Hummingbirds are among the smallest of the avian species, with some weighing less than a US penny. By rapidly flapping their wings, they can hover in mid-air, and they are the only bird that can actually fly backwards. They get their name from the humming sound made by their whirring wings. They are also quite speedy, as anyone who has watched them can attest. They have been clocked in excess of 15 meters/second (34 mph).
As a child Flossie lived in Iowa where "it gets down to 37 below zero, you know. My mother was a slave and my father was no good. He came and went. She canned fruit to keep us alive." At age 15 Flossie married, but the relationship failed after 18 years. At loose ends, she decided to visit her father who was then living in Washington State. Flossie liked the Northwest US and decided to stay, eventually meeting and marrying her second husband, George. He was a logger and jack-of-all-trades. With a grin, she told how "George could handle anything but electricity. One time he hooked up the electric doorbell, but it made the toilet flush!"
One of the highlights of her marriage with George was the eruption of Mount St. Helens in 1980. "We were just outside the Red Zone when she blew." During her married life Flossie had 5 children, including 2 daughters and 3 sons, all of whom still live in the US. In addition to all of those kids, she raised her half-sister for 11 years. George died after a 17 year marriage, leaving Flossie in tight financial circumstances. George's Veterans Benefits and Social Security were just not enough to live on in high-cost Washington State.
Violet Crowned Hummingbirds
Violet Crowned bird has a similar range to the Broadbill: Southwestern US to Southwest Mexico and is typically a mountain dweller. The female will lay two white eggs in a nest she builds in a tree or shrub. The male is more brightly feathered than the female.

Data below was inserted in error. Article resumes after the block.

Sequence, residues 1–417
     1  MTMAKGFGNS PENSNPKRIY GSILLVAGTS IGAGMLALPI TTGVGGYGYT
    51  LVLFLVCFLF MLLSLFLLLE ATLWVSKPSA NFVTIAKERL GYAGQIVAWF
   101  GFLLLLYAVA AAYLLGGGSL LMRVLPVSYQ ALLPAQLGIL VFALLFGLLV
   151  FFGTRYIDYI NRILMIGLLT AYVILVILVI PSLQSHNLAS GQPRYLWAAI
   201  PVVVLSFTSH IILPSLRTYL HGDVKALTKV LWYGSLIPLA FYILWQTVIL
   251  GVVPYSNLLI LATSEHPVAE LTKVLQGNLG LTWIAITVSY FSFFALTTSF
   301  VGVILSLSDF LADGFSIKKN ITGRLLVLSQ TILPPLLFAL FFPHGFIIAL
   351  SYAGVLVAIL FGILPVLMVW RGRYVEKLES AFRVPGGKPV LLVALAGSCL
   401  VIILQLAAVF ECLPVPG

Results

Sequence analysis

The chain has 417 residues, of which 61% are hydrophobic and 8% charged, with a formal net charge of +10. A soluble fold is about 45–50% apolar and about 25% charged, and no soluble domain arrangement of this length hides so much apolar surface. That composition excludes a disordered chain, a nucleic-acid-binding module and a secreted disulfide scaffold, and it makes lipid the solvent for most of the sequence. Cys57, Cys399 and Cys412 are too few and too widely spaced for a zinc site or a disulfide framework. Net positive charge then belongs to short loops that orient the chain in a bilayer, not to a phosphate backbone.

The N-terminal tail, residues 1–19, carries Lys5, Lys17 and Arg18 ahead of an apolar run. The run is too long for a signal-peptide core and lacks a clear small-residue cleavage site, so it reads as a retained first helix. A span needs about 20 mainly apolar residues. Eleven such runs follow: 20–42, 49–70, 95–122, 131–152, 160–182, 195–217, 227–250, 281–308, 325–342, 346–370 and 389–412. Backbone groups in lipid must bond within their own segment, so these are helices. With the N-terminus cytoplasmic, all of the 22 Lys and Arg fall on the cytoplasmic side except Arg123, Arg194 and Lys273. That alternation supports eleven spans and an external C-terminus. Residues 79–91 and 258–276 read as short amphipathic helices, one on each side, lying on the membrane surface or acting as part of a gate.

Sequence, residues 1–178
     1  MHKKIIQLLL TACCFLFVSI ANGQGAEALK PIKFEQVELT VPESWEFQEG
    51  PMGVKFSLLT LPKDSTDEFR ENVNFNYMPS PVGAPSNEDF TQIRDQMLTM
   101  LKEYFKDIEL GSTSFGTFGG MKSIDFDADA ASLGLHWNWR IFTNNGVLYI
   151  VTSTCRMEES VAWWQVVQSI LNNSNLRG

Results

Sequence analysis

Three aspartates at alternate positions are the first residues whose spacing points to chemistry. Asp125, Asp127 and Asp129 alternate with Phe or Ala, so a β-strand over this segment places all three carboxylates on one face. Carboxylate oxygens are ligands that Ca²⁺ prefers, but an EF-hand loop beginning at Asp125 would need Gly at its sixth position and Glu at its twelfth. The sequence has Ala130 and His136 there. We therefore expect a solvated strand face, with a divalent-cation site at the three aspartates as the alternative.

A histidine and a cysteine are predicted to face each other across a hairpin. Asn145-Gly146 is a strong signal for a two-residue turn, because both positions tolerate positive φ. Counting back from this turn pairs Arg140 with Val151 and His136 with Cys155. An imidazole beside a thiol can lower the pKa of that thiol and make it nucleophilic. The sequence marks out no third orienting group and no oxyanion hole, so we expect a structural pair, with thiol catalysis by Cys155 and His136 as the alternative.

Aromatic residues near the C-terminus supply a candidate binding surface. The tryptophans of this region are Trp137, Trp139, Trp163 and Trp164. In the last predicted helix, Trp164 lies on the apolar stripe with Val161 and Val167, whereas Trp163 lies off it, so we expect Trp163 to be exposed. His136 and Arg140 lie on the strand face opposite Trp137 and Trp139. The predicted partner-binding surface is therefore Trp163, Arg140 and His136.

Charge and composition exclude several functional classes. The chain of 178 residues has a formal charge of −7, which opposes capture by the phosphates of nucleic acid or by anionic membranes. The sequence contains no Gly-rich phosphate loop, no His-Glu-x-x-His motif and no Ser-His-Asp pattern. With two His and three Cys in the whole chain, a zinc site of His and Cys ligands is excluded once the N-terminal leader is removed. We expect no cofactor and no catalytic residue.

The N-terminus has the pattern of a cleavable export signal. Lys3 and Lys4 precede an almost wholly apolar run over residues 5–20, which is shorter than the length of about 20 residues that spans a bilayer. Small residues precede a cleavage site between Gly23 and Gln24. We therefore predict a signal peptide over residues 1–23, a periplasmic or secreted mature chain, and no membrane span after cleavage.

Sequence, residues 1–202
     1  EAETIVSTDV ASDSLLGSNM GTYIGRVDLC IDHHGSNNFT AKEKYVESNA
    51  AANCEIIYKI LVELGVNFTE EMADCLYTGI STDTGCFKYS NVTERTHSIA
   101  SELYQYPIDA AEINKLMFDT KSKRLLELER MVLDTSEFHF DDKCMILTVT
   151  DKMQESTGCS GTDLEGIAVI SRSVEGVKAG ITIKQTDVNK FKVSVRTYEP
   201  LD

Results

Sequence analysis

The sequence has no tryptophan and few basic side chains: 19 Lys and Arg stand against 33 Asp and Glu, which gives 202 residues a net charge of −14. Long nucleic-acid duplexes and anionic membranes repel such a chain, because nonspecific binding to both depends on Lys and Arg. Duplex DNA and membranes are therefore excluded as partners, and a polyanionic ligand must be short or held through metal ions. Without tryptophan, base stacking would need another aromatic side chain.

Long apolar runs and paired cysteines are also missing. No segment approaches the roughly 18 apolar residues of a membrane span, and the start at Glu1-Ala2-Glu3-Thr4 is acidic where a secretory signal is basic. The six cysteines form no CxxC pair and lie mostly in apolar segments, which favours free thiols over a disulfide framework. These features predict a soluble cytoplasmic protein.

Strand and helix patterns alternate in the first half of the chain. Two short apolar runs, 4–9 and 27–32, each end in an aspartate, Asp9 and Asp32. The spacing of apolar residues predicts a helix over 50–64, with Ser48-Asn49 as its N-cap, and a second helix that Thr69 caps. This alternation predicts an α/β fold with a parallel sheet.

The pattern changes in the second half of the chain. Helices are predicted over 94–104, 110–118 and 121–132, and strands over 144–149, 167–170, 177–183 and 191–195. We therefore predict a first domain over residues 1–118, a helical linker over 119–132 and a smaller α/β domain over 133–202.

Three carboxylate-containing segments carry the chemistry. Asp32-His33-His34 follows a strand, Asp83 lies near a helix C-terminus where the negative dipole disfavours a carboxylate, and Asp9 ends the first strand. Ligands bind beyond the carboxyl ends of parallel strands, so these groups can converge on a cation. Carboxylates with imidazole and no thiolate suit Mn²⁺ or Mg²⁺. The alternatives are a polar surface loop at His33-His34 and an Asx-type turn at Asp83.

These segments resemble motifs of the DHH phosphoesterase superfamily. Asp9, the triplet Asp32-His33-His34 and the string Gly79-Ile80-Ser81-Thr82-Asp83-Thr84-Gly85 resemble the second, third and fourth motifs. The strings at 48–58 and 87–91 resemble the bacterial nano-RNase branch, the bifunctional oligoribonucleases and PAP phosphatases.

Looking for warmer weather (and lower heating bills), Flossie left Iowa for Arizona with her few possessions stuffed into an old car. After arriving, she lived in the car for a while but eventually acquired a pickup with a camper. Living in her house-on-wheels, she took up residence in the desert outside Yuma. At the time, there was quite a motley crew of "desert rats" scattered throughout the bleak landscape. To stay busy, she worked as a volunteer on a CB network, helping keep track of her more isolated friends. A thrift store provided another volunteer opportunity. "I was always good at sales. I could sell ice cubes to Eskimos."
Arizona's winters were still a bit too chilly for Flossie, and money--as always--was tight. She kept up her search for someplace warmer and cheaper. Finally, she stumbled across a book about low-cost living in Mexico. It sounded interesting and, not long after, she met a man who told her about Ajijic and its nearly perfect climate. About 20 years ago, she packed up again and headed south. Things were still pretty tight, at first, even in Mexico. To make ends meet, she took care of elderly people, house-sat for absentee owners, and did whatever she could to keep body and soul together.